How America Works: Mike Rowe Shows Pennsylvania Oil and Natural Gas Hydrography

When most Americans think of oil, states like Texas, Alaska, and Louisiana may come to mind.

However, some petroleum companies still find their homes in the Algeni forests of West Pennsylvania – Edwin Drake became the first American to drill a successful oil well in 1859.

One such company is Cameron Energy – based in Shefield. About 75 miles southeast of Erie.

At Fox Business, “How America Works,” host Mike Rowe Cameron explains how 500,000 gallons of fresh oil are produced each year – and they follow him as they estimate the new $ 100,000 well used in the process known as hydraulic fractures. It is called “crumbling.”

The natural gas explosion is the only recent development of a power plant in a state where brands such as Penzoil and Cooker have already left their mark – and once a 20th century coal mine, with city evidence such as Ashland, Coldell and Port Carbon Names.

Cameron’s vice president and head of the hydrography team, John Stuart, worked to ensure that the new well in northwestern Pennsylvania was on time and on target.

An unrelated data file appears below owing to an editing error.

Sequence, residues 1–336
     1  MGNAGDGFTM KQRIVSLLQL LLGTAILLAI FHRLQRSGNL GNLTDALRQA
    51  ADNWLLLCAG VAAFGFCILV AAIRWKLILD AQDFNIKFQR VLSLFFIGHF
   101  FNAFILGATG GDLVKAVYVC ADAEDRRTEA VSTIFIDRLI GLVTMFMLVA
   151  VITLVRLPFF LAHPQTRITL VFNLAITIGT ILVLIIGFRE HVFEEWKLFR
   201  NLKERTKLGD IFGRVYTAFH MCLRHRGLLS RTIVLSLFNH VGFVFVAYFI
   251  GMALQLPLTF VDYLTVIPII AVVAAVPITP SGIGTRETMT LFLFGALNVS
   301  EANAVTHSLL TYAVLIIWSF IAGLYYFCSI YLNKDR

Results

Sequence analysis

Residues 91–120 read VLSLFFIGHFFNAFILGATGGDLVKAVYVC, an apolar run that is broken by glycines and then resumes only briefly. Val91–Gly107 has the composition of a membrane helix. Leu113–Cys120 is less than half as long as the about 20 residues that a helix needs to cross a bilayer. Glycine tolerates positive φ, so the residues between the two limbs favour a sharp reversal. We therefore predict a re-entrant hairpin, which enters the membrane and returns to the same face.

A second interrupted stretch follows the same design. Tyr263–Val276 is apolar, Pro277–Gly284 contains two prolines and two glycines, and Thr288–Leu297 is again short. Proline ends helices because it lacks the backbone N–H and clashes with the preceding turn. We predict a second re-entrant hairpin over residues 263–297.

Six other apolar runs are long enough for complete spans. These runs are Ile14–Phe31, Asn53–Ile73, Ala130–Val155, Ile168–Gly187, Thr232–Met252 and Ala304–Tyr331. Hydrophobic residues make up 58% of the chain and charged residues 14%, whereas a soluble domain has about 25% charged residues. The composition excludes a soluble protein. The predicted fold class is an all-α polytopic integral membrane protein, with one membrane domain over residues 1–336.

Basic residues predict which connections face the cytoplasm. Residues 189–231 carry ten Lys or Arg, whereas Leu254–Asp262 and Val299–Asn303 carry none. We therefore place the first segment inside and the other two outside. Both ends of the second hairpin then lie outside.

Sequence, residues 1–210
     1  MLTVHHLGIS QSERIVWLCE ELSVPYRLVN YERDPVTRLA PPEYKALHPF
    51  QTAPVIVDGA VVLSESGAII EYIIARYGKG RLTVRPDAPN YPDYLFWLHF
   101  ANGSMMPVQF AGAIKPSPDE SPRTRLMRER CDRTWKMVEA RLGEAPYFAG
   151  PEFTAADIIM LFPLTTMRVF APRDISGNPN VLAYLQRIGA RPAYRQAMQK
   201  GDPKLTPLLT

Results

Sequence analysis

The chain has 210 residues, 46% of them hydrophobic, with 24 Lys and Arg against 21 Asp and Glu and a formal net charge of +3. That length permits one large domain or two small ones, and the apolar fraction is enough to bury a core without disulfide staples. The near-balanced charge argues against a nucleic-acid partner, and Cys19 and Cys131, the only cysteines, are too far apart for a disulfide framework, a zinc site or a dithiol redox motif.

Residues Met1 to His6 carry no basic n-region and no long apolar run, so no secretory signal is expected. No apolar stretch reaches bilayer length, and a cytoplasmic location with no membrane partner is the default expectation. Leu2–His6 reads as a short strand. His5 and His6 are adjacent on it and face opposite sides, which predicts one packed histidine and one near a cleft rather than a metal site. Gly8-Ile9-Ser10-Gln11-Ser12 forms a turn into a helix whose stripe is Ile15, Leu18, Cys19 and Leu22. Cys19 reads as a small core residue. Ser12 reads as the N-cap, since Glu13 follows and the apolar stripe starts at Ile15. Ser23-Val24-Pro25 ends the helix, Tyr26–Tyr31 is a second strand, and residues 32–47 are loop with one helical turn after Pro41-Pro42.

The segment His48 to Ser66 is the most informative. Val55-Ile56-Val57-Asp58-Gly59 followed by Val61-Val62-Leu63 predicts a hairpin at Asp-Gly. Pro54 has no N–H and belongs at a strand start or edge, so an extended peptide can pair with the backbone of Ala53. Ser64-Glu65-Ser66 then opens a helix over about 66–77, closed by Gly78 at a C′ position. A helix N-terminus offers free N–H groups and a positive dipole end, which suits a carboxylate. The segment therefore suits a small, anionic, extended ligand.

Stewart’s team excavated a 17-layer oil-laden sandstone — before the pit was partially filled with gravel — and then lowered slightly to cut the steps into the rock.

At 3,000 pounds per square inch, pebbles serve as the backbone. For comparison, the air pressure in a conventional tire is usually 30 to 50 psi.

“A single piece of fruit can cost up to 100,000 gallons per 30 minutes,” says Row.

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While some members of the team worked hard at the station, another Cameroonian worker was traveling through dozens of gas stations on a truck every day.

At the same time, a tanker truck carrying the next load of water to the Stuart Fear station was stuck in the pool – and Brad Bowden, the bidder, entered only a few holes when he stumbled – a fallen tree on an unpaved road he was driving.

Check out “How America Works” at Fox Business to find out how Cameron arrived at the end of their difficult day.

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